Unemployment in the European Union, January 1992 – June 2012 (2 graphs)
from Merijn Knibbe
Eurostat has published the June data on unemployment. The percentage has not changed but the number of unemployed has increased with 123.000 (Eurozone) and 4.000 (non Eurozone). The May data have been revised with +0,1% because of a sizeable upward revision of the Italian figures (the second in a relatively short time).
Differences between north and south are still increasing (graph 1), though differences between the northern countries are also starting to show (i.e: differences between Germany and the rest). Countries like Austria and the Netherlands, wich until recently did quite well, are at this moment also experiencing unemployment increases, contrary to Germany. Unemployment in Denmark, a country which before the crisis had a government surplus of 5% of GDP and is famous for it’s supposedly highly efficient ‘flexicurity’ labor market, is bound to break a new unemployment record quite soon as the economy is suffering from the combined effects of a very high exchange rate, falling house prices and of course the present economic set-back.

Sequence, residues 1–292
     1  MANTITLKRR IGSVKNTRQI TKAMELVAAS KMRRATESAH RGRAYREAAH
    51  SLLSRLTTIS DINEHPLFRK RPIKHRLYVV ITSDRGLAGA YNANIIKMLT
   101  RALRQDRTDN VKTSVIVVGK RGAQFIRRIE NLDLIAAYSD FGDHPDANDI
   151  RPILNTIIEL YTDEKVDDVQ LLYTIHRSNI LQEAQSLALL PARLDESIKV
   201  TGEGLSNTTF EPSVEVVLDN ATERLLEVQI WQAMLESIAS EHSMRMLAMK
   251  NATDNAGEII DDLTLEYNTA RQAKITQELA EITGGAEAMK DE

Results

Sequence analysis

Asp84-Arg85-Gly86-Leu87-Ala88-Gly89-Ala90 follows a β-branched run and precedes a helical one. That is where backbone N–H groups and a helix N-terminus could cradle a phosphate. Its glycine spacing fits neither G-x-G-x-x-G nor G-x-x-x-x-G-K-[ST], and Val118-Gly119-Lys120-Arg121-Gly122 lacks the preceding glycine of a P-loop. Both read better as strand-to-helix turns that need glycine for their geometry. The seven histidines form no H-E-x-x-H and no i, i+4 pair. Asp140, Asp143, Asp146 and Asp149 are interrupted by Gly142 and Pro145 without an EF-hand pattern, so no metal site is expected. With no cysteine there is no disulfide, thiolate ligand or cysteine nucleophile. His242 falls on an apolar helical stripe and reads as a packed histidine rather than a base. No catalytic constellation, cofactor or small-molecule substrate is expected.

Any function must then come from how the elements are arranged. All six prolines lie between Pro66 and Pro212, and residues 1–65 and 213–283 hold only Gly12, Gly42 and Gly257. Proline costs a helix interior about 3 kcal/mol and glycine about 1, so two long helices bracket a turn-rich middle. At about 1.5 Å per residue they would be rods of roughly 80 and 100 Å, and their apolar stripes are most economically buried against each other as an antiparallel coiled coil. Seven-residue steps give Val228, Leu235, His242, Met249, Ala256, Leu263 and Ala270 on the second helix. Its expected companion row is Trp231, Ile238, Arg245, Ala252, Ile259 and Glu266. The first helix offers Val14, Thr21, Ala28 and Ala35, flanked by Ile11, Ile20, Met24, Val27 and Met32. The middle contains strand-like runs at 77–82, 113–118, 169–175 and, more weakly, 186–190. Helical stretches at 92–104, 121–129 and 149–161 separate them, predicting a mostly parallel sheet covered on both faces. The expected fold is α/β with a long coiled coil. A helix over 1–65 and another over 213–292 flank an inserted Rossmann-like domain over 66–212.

The extent of the German success is of course also and even more remarkable (+790.000 jobs in 2011, see however this). Contrary to (for instance) Denmark, it does not suffer from a high exchange rate or the deflating of a housing price bubble and it has of course world-class products and competitive companies (no low wages, by the way). Even then, it has weathered the set-back quite well – despite still very moderate increases of retail sales.